Just because the hygiene ops are single entry ops, doesn’t mean a doctor cannot work out of the same operatory doing an operative procedure. Due to our usage of mobile carts, any operatory can quickly be turned over into getting any procedure started.

In terms of the width of the entries into the operatories, you need to check with your architect in your state to see how wide entries need to be for ADA compliance.

If dual entry, both entries may not need to comply with ADA (so one can be wider than the other to save space) – but be sure to check with your architect.

4. Other considerations:

  • Mechanical room: It should be placed far from operatories as possible. If your space doesn’t allow it, you need to consider sound proofing, so make sure to talk to your architect / contractor as well.
  • IT closet: Don’t forget the IT closet. You don’t need a ton of space, you can have everything placed in a stacked arrangement.
  • Central Sterilization:
    • Try to keep the sterilization room centrally accessible to all ops if possible. This will be important if you’re going to have minimal to no cabinetry in your operatories. Storage units / compartments for storing small dental supplies can be set up in the central sterilization area easily accessible by the clinical staff.
    • You may want to consider having air, vacuum into sterilization area if you’re thinking about putting in a handpiece lubrication system. Because some lubrication systems run on compressed air, you’ll need it.
    • I didn’t do this. I don’t use a lubrication system. I have my assistant do it manually with a bottle of oil into the handpiece per the manufacturer’s instructions.
  • ADA Compliance: Make sure to check with your architect if he or she’s aware of ADA (Americans With Disabilities Act) compliance requirements when it comes to bathrooms, operatory entrance, front-desk reception counter heights, etc.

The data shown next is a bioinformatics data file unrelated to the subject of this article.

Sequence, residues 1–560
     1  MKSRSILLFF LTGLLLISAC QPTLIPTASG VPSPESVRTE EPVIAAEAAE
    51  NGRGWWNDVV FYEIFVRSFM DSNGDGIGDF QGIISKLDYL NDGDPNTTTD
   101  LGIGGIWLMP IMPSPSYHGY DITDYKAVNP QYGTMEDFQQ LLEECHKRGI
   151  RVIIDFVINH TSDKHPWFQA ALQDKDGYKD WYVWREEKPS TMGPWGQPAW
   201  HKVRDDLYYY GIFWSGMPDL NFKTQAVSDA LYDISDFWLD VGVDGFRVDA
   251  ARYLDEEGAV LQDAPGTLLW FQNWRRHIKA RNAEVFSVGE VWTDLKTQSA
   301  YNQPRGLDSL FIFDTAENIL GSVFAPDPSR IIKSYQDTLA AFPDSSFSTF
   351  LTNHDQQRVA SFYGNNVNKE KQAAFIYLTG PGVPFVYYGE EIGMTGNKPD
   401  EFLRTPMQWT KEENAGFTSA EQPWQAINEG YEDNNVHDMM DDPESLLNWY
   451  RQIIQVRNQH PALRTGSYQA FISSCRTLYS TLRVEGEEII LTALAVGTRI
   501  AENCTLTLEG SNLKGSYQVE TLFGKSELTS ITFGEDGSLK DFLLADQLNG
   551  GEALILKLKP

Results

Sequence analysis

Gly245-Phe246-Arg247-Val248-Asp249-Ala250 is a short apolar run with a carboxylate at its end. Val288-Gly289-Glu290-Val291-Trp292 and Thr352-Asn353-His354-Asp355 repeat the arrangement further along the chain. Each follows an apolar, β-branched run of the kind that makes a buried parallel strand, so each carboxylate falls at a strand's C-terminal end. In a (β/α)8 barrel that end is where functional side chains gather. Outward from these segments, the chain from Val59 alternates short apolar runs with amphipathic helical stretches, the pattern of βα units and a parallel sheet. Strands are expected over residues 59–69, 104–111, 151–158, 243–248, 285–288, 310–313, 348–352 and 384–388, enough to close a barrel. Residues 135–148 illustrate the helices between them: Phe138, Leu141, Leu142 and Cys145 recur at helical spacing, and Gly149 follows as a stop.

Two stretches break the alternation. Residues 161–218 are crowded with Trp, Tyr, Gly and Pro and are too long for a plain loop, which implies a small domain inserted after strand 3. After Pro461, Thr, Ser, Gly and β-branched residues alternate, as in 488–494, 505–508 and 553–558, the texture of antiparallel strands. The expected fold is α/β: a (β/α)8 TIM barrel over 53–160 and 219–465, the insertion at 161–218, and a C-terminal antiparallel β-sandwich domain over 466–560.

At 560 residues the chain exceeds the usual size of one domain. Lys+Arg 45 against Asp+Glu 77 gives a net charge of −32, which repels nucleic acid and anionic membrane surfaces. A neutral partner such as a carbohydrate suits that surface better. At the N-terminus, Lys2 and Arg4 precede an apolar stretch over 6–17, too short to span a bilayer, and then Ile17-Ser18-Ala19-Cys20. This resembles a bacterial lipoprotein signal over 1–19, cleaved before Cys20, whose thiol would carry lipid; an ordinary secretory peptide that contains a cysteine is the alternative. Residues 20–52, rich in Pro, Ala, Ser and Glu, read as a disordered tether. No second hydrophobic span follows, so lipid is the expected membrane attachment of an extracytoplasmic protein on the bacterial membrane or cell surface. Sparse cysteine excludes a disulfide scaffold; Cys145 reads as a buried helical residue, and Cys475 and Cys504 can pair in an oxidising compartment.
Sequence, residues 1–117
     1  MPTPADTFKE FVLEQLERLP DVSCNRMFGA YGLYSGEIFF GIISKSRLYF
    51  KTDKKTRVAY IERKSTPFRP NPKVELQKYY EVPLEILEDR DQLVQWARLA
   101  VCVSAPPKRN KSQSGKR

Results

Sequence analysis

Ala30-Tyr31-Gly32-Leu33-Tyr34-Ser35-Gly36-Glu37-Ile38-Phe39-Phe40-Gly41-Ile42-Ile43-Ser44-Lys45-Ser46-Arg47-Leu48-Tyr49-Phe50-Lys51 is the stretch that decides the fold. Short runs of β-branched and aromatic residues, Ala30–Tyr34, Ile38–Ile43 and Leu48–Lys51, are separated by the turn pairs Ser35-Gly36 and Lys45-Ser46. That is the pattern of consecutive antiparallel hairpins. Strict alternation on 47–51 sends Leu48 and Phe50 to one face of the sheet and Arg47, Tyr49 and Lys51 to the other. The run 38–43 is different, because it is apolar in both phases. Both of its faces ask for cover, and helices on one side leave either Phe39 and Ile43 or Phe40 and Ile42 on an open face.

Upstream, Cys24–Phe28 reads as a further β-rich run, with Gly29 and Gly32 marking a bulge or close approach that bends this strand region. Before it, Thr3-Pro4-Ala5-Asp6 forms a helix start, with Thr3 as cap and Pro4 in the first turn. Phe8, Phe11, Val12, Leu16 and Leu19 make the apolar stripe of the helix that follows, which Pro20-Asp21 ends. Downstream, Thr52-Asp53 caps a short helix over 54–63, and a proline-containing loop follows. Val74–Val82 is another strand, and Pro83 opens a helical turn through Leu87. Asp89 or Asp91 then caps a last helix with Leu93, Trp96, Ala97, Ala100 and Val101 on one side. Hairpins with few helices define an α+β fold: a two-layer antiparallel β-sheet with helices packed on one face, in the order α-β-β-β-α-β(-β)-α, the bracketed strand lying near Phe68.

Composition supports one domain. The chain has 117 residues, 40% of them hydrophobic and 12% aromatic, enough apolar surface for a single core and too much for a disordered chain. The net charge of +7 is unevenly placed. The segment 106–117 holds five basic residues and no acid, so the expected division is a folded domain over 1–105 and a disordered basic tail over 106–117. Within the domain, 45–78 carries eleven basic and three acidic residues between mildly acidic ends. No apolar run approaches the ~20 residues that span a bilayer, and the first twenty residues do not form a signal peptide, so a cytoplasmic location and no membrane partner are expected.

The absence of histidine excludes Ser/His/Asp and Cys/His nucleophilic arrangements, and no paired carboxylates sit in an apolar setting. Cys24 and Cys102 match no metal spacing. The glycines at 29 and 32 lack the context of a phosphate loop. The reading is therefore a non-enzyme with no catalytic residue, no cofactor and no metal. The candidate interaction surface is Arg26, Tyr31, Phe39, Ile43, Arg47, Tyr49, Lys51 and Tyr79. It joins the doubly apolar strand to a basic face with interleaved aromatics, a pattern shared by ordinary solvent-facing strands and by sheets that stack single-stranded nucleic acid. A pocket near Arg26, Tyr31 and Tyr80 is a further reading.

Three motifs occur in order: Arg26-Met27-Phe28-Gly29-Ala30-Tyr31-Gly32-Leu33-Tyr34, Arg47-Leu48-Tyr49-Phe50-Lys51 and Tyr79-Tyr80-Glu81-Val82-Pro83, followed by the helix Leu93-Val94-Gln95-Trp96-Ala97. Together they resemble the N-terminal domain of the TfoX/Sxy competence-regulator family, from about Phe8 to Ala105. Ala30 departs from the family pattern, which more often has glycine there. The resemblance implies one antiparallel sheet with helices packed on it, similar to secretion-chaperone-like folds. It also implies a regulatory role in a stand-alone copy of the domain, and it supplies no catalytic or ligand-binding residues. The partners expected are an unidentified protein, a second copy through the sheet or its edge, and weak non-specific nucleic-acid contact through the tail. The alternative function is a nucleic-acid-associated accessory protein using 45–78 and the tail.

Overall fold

• Consultation room: If your total office space allows, make sure to have a separate consultation room built for discussing finances with patients, or treatment plan presentation, etc. Keep this room close to the waiting area / front-desk / check-out area.
  • Utility room: You should place a mop sink with water tap in the utility room. This will make clean-up much easier for staff instead of dumping dirty mop water into a sink in the patients’ or staff bathroom, or kitchen or the lab.
  • Plumbing: Plumbing is $$$$$. If you can do sinks for every two to three operatories, you’ll save a ton of money on the plumbing, the fixtures, etc.

Closing remarks on Reviewing your Dental Office Floor Plan Design:

I don’t proclaim to be an expert on clinic design. But from my experience of having gone through the process and been practicing in it for 2.5 years, there are things I wish I had done, but I’m happy I did not go with the bells-and-whistles I see in many other offices.

My suggestions may not be ideal for everyone, but it’ll SAVE you money for sure.

As you’re reviewing your dental office floor plan design, don’t be afraid to go back and forth for multiple revisions.

If you know a colleague or a friend who has started out and gone through the process, share with them your office design floor plan – get their feedback.

You can email me your floor plan and I’ll tell you what I think.

When you think you’ve got the perfect design and it’s ready for construction, you’ll realize later “Oh I wish I did it this way”. And that’s OK!

But it’s more important to push ahead!

Feel free to comment below if you have questions or comments!

Best of luck and continue to tune in!